Thursday, September 9, 2021

A New 4.25!

Back on April 24, 2014, I added a 2nd All-Time Top 12 to my original All-Time Top 12.  And then on September 24, 2015, I put a 13th book in the 2nd ATT12.  Well, almost 6 years later, I'm adding #14 to the 2nd ATT12. The book is called The Clover Girls, by Viola Shipman.  I absolutely loved every minute of it.  Instead of posting the book cover synopsis, I'm just going to tell you what it's about:  4 young girls meet at an all-girls camp in Michigan.  They become best friends and keep coming back year-after-year until they are actually camp counsellors.  36 years after that 1st camp, the 4 women are no longer friends.  What happened, and is there any way it can be fixed?  I am giving you NO hints.

I can't even begin to tell you how many times I teared up or just flat-out cried.  We all know that I'm not exactly stoic after I make an emotional connection with a character or 2.  Well, this time I connected with all 4! And it lasted throughout the book.  But there is so much more to it than just emotions.  There is humor.  There is (perhaps) romance.  There is even another takeaway for me.  And, above all else, the writing is superb.  Here is just one example of an analogy that really resonated with me.  And it concerns one character's mother who has been fading for a very long time and is finally near death:

"The body is like a baseball stadium after the last out is made.  Every living thing begins to stream out of it, it grows quiet, calm, cool, and then the lights begin to shut off, one section at a time, starting with the feet."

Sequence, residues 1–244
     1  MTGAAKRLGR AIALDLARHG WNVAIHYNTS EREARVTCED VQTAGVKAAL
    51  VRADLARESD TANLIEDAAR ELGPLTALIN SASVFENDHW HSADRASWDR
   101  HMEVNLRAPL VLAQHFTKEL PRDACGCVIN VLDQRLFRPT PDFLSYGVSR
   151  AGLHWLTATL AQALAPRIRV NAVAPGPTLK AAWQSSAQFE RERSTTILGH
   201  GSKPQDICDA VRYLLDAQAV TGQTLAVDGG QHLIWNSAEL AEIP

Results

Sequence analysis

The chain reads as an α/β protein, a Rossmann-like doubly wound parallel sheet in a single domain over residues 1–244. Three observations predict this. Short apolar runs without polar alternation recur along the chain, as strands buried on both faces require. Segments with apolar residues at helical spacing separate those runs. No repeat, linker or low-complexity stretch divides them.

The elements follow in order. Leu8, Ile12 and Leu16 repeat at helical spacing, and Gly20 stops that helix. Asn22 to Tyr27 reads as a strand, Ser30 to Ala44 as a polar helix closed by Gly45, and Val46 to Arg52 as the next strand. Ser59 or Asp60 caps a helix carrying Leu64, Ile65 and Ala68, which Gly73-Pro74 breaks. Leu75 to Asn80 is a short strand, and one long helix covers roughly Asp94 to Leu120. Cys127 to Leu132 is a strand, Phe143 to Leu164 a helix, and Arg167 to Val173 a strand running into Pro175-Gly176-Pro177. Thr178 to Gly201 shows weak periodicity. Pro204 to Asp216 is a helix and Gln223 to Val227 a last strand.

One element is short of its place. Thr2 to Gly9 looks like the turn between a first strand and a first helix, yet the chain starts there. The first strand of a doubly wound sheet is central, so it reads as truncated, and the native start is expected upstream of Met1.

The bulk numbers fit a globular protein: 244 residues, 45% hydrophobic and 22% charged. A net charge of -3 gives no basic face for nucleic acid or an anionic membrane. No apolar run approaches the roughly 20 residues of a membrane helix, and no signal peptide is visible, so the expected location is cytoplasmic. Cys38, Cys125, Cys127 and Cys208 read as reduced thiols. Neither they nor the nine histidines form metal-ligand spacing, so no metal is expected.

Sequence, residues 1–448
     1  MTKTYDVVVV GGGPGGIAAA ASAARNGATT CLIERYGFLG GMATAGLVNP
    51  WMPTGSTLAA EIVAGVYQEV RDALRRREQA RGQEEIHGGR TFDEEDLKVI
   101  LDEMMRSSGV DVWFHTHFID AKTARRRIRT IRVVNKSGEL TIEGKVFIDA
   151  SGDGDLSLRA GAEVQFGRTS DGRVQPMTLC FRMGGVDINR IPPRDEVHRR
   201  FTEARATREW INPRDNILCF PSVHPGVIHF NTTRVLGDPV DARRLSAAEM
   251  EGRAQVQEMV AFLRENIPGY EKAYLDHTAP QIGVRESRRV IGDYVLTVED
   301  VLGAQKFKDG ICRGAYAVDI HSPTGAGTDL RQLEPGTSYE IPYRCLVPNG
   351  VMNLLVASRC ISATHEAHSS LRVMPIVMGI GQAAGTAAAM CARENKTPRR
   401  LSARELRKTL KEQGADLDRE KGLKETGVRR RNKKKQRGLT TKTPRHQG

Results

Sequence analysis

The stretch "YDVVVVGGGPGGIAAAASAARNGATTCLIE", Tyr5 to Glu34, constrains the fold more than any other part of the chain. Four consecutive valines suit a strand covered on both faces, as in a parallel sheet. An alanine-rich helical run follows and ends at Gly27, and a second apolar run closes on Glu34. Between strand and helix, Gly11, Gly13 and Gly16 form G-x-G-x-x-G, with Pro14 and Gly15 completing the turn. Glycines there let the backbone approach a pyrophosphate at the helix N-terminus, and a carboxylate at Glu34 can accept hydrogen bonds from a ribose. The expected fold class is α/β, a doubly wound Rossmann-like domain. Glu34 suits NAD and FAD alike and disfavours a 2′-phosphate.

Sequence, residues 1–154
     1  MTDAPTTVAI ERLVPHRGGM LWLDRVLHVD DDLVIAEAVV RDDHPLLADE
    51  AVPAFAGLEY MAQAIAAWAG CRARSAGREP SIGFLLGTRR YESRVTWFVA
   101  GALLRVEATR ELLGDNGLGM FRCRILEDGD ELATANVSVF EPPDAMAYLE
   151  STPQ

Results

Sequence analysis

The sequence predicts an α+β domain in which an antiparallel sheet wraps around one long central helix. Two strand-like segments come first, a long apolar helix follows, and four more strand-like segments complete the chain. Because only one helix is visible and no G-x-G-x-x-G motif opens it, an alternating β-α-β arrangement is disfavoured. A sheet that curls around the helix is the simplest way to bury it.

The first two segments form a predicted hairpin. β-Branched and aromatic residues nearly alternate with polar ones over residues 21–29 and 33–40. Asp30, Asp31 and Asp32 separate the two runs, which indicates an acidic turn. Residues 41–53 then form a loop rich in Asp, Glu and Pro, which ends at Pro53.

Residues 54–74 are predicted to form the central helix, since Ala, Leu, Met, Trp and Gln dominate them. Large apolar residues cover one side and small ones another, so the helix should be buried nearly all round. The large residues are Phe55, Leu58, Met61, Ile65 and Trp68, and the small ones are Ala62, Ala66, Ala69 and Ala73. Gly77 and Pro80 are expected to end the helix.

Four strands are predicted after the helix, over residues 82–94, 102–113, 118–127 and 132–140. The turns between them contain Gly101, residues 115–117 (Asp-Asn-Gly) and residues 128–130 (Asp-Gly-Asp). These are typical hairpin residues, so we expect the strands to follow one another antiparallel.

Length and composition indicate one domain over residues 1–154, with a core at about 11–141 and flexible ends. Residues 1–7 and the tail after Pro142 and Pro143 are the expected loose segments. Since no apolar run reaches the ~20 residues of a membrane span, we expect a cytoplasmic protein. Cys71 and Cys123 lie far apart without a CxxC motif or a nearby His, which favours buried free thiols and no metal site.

How cool is that?  I have read one other Shipman book, called The Recipe Box.  I liked it a lot.  But this one has just joined a very special group.  I welcome you, The Clover Girls, to the top 26 books I have read. Feel proud.

Sunday, September 5, 2021

Another Excellent Harmel!

It is such a treat to get a new Kristin Harmel book to read (and review). Everything she writes immediately goes into my-favorite-books-of-the-year category.  And her latest, The Forest of Vanishing Stars, is certainly no exception.  Here is the synopsis:

After being stolen from her wealthy German parents and raised in the unforgiving wilderness of Eastern Europe, a young woman finds herself alone in 1941 after her kidnapper dies.  Her solitary existence is interrupted, however, when she happens upon a group of Jews fleeing the Nazi terror.  Stunned to learn what's happening in the outside world, she vows to teach the group all she can about surviving in the forest - and in turn, they teach her some surprising lessons about opening her heart after years of isolation. But when she is betrayed and escapes into a German-occupied village, her past and present come together in a shocking collision that could change everything.

As a history major, and a big (huge) fan of historical fiction, I have read a lot of books about WWII.  And, yet, I keep reading about things that I absolutely had no knowledge of (yes, I know you're not supposed to end a sentence or phrase with a preposition).  Harmel has, once again, done that for me.  Her writing and story-telling are exemplary.  And her research always blows me away.  On top of all that (as if that isn't enough), she always makes me care about the characters.  As early as page 55 I was already shaking my head.

I mentioned how good her writing is.  Here are just a couple of examples:

"...worry fluttered in her chest like an uncertain butterfly."
"I'm broken too.  But sometimes it's the jagged edges that allow us to fit together."

I basically say the same thing after every new Harmel:  "Just read it." You will always be happy you did.